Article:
A Prime Factor
A series of inspiring and engaging articles, from teachers and parents about discussion on mathematics with children.
A new article out every Thursday.
What is your idea of heaven? The Quran describes heaven as a beautiful garden with nice people, where one’s wishes are fulfilled. As a kid, my idea of heaven was an endless summer vacation: no school, no classes, no homework; full freedom to explore whatever I wanted. Now, imagine getting paid a stipend every month to live in this heaven!!! That is what life in IISc looks like.
Math is super fun and cool as long as you understand it. We both love math. Algebra is our favorite math topic, along with data handling and ratios. Sometimes we spend hours playing math based video games like Prodigy. However, we often hear from kids during online classes that they are bored or find everything confusing.
The journey began towards the end of my 7th grade, a journey that I still traverse and one that brought me to where I am today. It is, in retrospect as I recall and as you will read, one of hard work, serendipity, and an ability to sense a good opportunity when it knocks.
A friend of mine recently shared with me a thought-provoking question which commenced a journey through the diverse domains of mathematics and other sciences: Discuss this claim with reference to two areas of knowledge. “The process of gaining knowledge is more valuable than reaching an end result.”
In the latest post at APF is something fresh,
Vaageesan pens a poem with absolute finesse!
While we cant get even the first few lines to rhyme,
He pens with ease about math from ancient time!
Love how carefully with each word he treads,
We think this deserves even more reads!
Have a wonderful poetic read!
I vividly remember my walking style when I was in primary school. It was hardly ever a straight-line walk. The tiles on the school floor brought to life a world of patterns- checker-like patterns, chess knight-steps, skipping over tiles, what not. I could not resist walking along these patterns! However, what I did not realise at the time was how deeply this was tied to Mathematics.
Start your journey to crack the most prestigious of all the Mathematics competitions with Raising A Mathematician Foundation’s Regional Mathematics Olympiad Online Training Program (RMO OTP). Meet twice a week with expert teachers to tackle the rigorous course of study that is required for the Olympiads.
Hello 👋. In this article, I will share my journey about how I got into Artificial Intelligence (AI) and related research as a high school student and consequently, a couple of things I have learned that might help you as well. However, do note that this blog is not one about getting started with AI or research.
Hello, brave traveler of the interwebs! You have had a long journey so far. You have witnessed the vast lands of quora questions, sailed through the endless oceans of blogs, traversed the cold deserts of Facebook posts and trekked the high mountains of YouTube videos. I see, you are still unsatisfied. You have not found the answers you were looking for.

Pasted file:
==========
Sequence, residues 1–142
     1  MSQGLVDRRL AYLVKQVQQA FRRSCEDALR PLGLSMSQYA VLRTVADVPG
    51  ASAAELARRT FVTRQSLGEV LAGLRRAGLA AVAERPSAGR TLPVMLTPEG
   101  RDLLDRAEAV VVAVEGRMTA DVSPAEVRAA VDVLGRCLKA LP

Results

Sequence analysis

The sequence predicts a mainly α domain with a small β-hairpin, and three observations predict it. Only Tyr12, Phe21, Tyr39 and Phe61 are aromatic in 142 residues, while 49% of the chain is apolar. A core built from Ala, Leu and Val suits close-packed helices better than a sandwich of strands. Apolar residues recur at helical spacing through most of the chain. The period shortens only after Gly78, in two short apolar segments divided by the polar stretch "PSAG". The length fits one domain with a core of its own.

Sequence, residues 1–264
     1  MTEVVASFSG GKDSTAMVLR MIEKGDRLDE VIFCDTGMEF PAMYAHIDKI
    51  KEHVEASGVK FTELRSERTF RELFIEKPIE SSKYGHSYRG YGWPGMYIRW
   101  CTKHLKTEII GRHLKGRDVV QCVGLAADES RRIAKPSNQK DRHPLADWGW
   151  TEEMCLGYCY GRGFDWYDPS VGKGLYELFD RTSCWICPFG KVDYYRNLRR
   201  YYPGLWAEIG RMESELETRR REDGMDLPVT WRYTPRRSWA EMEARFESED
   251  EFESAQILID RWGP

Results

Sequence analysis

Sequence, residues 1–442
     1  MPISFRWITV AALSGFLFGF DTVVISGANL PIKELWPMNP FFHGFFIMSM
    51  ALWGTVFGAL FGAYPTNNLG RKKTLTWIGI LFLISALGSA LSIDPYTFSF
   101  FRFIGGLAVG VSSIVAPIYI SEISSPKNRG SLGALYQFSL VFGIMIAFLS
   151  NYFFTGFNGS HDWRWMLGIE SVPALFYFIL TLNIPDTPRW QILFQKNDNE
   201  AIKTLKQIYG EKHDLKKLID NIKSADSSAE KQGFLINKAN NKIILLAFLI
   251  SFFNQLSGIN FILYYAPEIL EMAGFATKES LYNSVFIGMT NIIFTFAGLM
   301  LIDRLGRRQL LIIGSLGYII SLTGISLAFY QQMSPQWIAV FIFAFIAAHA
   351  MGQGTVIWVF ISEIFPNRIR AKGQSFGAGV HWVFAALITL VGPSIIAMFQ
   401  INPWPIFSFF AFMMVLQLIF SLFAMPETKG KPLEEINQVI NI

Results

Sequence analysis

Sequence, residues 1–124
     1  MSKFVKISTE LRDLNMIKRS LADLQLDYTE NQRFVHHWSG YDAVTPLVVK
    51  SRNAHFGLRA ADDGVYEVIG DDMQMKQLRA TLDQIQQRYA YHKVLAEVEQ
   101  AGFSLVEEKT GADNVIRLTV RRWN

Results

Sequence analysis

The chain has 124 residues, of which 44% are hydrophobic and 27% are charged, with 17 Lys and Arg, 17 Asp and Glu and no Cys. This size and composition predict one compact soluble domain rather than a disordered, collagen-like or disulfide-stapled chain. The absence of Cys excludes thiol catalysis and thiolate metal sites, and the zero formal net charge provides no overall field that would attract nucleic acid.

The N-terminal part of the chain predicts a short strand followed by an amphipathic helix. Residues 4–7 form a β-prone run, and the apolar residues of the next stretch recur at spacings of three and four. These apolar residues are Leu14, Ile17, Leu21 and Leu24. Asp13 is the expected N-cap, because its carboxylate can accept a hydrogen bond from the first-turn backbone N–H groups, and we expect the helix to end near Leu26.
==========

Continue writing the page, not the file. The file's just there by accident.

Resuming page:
The period of lockdown was the most challenging time for students as well as for teaching professionals. Teachers struggled a lot wondering if each and every student was understanding whatever they taught and whether they were moving in the right direction to complete the course or not. Students also struggled to maintain the pace of coursework, overcoming the challenges of online classes, screen time and much more.While conducting lectures for my engineering students, I was unaware of a few (indirect) students of mine!
Read an eye opening article by Vinay Nair where he articulately paints his own experiences and points out how conscious questioning and reading between lines can go far in life and how mathematical thinking helps to see clear through the doubts of emotions that clouds our mind in such crucial circumstances. Clearly a compelling read in such a scam-filled era.
Mondays through Fridays are especially hectic in this Thane household. Mother is up by 5 am so that she can drop off her 10-year-old to school, then heading to the office and trying to wind up by 2 pm so as to pick her back from school and drive her to chess coaching. A group of parents waiting outside any activity class is a wonderful place for exchange of information and sharing resources related to children.
The moment you glance at any problem, familiar words start catching your eye : ‘remainder’ makes your brain replay all the Number Theory you have learnt at supersonic speed. You see the word ‘roots’ and graphs start forming, and curving up and down in your mind’s eye. ‘In how many ways’ gets you all pumped up as you instinctively search for combinatorial tools to use. ‘Tangent’ and ‘angle’ makes your hair stand up as you furiously begin drawing the diagrams.
Throughout middle and high school, math has been presented to me in three different flavours, so to speak: school math, competition math, and “real” math. School math is your typical high school sequence: algebra, geometry, trigonometry/precalculus, and perhaps calculus. If there’s one thing I have found unsatisfactory with these classes, it’s that they focus too much on rote learning of mathematics, without much sense of motivation or purpose.
It was a hot summer morning in the middle of May. I sat there on the classroom bench and I thought, “Hopefully today would be more action-packed than yesterday.” I say ‘action-packed’ because the life of an aspiring young mathematician is no less than a Bollywood Action film.How was yesterday, you ask? Well, we spent around 2 hours debating about the proof of a simple probability problem, so it was pretty eventful.